A recent study published on the Open Research platform F1000 Research, conducted by Ivan Buljan, David G. Pina (REA), Antonija Mijatović and Ana Marušić, analysed the importance of numerical scores in Marie Skłodowska-Curie Actions (MSCA) projects. The study focused on Innovative Training Networks (ITN) proposals submitted under Horizon 2020 calls. The ITN funding scheme has been renamed MSCA Doctoral Networks (DN) under the Horizon Europe framework programme.
The aim of the study was to assess whether there were differences in reviewer comments’ linguistic characteristics after the numerical scoring was removed by the European Commission in 2020. Comments were compared to those from 2019, when numerical scoring was still present. The findings indicate that the removal of numerical scores did not contribute to meaningful differences in the evaluation procedure of the ITN proposals or its outcome. These results support the finding that the procedure used for the evaluation of MSCA grant proposals is robust and stable.
The research team used anonymised datasets, without insight into the actual content of the proposal, or the names of applicants or expert evaluators. Personal data protection regulations were therefore not applicable. Data analysed concerned the Individual Evaluation Reports (IER) and Evaluation Summary Reports (ESR) of all ITN proposals evaluated from the 2019 and 2020 calls.
Each report included textual comments referring to the three different evaluation criteria (Excellence, Impact, and Implementation). Scores of IER were only available for the year 2019. The authors collected the data on the proposal status after evaluation (“Main list”, “Reserve list” or “Rejected”), call year (2019 or 2020), research domain, total evaluation scores, as well as numerical scores for each criterion, together with the corresponding comments which separately described proposal strengths and weaknesses.
Linguistic characteristics of experts’ comments were assessed using the Linguistic Inquiry and Word Count software. The latter is a program that counts words related to different psychological states and phenomena, and gives a score that is a proportion of the specific category in the entire text. By proceeding this way, the researchers were able to calculate separately for strengths and weaknesses of each of the criteria assessed.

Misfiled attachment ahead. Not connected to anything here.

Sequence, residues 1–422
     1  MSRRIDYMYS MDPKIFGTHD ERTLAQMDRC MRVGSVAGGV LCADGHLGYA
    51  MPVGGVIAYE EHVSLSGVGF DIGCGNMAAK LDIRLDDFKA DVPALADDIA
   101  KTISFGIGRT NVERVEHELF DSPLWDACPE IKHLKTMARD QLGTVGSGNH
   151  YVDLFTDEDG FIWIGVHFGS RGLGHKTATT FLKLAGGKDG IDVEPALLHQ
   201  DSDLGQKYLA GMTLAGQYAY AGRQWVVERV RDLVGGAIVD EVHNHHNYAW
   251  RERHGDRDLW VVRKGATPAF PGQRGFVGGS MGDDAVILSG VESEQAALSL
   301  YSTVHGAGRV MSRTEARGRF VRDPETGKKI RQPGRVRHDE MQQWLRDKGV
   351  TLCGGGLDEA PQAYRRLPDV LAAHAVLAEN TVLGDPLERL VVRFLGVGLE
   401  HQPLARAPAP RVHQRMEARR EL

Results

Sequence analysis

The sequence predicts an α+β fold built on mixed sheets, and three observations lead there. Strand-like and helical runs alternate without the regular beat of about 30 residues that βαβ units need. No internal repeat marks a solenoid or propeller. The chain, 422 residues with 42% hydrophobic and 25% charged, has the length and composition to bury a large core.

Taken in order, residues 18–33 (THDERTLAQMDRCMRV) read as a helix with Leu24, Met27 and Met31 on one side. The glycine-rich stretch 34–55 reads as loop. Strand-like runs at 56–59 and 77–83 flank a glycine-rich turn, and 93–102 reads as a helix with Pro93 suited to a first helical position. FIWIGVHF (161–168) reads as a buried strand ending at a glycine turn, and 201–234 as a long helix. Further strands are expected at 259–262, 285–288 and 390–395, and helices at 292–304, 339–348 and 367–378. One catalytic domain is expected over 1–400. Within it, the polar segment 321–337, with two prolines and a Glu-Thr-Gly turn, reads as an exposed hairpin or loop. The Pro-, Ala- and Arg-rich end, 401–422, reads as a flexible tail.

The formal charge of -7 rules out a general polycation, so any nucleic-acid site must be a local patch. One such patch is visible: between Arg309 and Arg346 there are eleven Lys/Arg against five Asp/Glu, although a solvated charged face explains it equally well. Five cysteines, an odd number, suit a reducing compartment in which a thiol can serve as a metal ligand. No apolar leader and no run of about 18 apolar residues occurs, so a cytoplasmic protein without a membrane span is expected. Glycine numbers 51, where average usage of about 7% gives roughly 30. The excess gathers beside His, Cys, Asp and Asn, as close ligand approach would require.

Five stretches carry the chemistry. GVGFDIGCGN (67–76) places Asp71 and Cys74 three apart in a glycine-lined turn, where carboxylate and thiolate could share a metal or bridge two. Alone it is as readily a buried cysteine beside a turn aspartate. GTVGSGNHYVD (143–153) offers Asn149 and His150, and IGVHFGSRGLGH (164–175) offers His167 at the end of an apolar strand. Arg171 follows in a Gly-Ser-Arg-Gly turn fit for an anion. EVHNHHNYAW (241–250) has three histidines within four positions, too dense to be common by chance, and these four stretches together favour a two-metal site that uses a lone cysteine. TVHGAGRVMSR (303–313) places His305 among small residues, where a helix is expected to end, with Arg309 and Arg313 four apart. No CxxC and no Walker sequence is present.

The researchers found that the differences in linguistic characteristics between reports from both calls (2019 and 2020) were small and negligible from a practical viewpoint. This indicates that the removal of numerical scores did not result in meaningful changes in the reports’ comments, assessed by quantitative text analysis. For both calls, the comments were conceived objectively, with weaknesses written with less emotion and more analytically than the proposals’ strengths.
In addition, the authors found that the final status of the proposals (i.e. main-listed or rejected) can be predicted by the linguistic characteristics of the reviewer’s comments, especially the tone related to the identified weaknesses, indicating that weaknesses may be crucial in proposal evaluation.
A look into the future:
The study paves the way for many potential research methods. It focuses on the characteristics of the textual content of reports, but not on traits of the reviewers themselves. For example, it would be interesting to employ a quantitative text analysis, sentiment analysis or analysis of the text tone. This method could serve as a useful tool to determine whether there were any differences in the evaluation performed by distinct reviewers after the removal of individual numerical scores.
Disclaimer: All views expressed in this article are strictly those of the authors and may under no circumstances be regarded as an official position of the European Research Executive Agency or the European Commission.
More about the Marie Skłodowska-Curie Actions
- Publication date
- 16 October 2023
- European Research Executive Agency